Originally posted by borgus View Post
                      While I don't think it can all be attributed to piracy, I don't think even those who decide on DRM are that inane. I think a more likely case is akin to the movie and music industries: when sales are naturally down anyway, attribute it to piracy rather than people cutting down on luxuries (as games also are) in a soft economy. I do not believe they cackle in smoke-filled rooms deciding how to make gamers' lives more miserable, they just desperately want to believe that it's something at least somewhat in their power to control (piracy) rather than factors completely out of their control (like the economy).
                      This is very insightful. I agree that this is likely a partial cause for executive silliness.

                      Originally posted by Svartalf View Post
                      Heh... Unfortunately, with the insane royalty schedules that the publishers often insist upon, unless you can assure a Linux porting publisher of at least something like 5-7k units sold, the price CAN'T come down. The royalties paid out to MAKE the installs everyone's buying has to be paid up-front and then is made up as part of the sale price. With smaller numbers, you have to make up bigger chunks of that money somehow.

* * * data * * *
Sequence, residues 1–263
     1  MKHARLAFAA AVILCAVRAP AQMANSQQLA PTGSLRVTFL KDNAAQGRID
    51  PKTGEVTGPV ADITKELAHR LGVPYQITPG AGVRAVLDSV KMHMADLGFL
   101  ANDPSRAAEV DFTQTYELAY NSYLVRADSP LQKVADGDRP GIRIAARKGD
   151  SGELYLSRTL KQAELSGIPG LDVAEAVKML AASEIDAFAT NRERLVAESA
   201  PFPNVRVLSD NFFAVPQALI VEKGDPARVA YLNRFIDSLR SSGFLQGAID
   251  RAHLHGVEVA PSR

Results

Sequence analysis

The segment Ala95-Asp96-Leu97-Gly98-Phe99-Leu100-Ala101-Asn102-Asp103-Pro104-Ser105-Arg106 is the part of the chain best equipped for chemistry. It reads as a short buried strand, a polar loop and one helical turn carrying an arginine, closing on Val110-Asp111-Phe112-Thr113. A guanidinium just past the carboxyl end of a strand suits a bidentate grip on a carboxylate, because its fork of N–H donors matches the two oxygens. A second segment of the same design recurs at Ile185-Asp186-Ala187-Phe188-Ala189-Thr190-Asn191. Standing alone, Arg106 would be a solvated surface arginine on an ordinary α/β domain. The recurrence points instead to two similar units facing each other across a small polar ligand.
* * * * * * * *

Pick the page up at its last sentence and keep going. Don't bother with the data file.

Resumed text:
This is good to know however with DRM being added are LGP able to predict higher sales and therefore a lower per unit price. If not then additional work might be being taken on that results in a net loss. No one wants that to happen.

                      Originally posted by Svartalf View Post
             end up having a chicken and egg problem.

                      Everyone wants the chicken because that's what they're used to from the Windows and to a lesser extent the Mac world these days. Unfortunately, you've got this egg that might become a chicken if you keep it warm, nurture it, and let it hatch- but you all can't wait. You don't want DRM (a seperate fight...). You want it right now. (Another fight...) You want it at the same pricing as the Windows versions (yet another fight...). All of which will fix itself in due time if you don't all go off on a rampage over all these different issues all at once.

                      Everybody needs to come to the realization that you've got an egg here instead of the chicken- and if you don't act like it's an egg, all you'll get is an omelet, instead of what you REALLY wanted in the first place.
                      That's a very good analogy however, I would suggest that Linux Gaming is more of a baby chick. Linux Gaming has come out of it's shell and needs taking care of. Feed it the wrong food and it's growth will be stunted. Feed it the right food and it will grow big.